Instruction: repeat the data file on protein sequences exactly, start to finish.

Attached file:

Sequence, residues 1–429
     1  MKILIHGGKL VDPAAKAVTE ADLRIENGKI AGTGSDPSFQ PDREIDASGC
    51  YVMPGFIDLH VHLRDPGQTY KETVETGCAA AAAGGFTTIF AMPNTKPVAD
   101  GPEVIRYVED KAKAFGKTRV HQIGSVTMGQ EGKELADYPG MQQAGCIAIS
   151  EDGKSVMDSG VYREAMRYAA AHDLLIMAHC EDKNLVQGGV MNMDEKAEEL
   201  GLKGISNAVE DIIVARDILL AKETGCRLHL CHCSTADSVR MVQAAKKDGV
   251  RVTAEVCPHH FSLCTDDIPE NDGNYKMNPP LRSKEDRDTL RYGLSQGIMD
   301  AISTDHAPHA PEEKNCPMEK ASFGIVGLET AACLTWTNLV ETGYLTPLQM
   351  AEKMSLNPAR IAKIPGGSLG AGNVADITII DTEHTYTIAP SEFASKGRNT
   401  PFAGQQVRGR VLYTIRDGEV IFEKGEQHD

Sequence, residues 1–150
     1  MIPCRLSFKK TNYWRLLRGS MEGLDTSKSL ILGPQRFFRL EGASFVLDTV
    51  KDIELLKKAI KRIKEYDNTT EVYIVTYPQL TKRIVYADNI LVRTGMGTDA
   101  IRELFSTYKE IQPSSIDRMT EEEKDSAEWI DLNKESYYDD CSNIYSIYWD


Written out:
Sequence, residues 1–429
     1  MKILIHGGKL VDPAAKAVTE ADLRIENGKI AGTGSDPSFQ PDREIDASGC
    51  YVMPGFIDLH VHLRDPGQTY KETVETGCAA AAAGGFTTIF AMPNTKPVAD
   101  GPEVIRYVED KAKAFGKTRV HQIGSVTMGQ EGKELADYPG MQQAGCIAIS
   151  EDGKSVMDSG VYREAMRYAA AHDLLIMAHC EDKNLVQGGV MNMDEKAEEL
   201  GLKGISNAVE DIIVARDILL AKETGCRLHL CHCSTADSVR MVQAAKKDGV
   251  RVTAEVCPHH FSLCTDDIPE NDGNYKMNPP LRSKEDRDTL RYGLSQGIMD
   301  AISTDHAPHA PEEKNCPMEK ASFGIVGLET AACLTWTNLV ETGYLTPLQM
   351  AEKMSLNPAR IAKIPGGSLG AGNVADITII DTEHTYTIAP SEFASKGRNT
   401  PFAGQQVRGR VLYTIRDGEV IFEKGEQHD

Sequence, residues 1–150
     1  MIPCRLSFKK TNYWRLLRGS MEGLDTSKSL ILGPQRFFRL EGASFVLDTV
    51  KDIELLKKAI KRIKEYDNTT EVYIVTYPQL TKRIVYADNI LVRTGMGTDA
   101  IRELFSTYKE IQPSSIDRMT EEEKDSAEWI DLNKESYYDD CSNIYSIYWD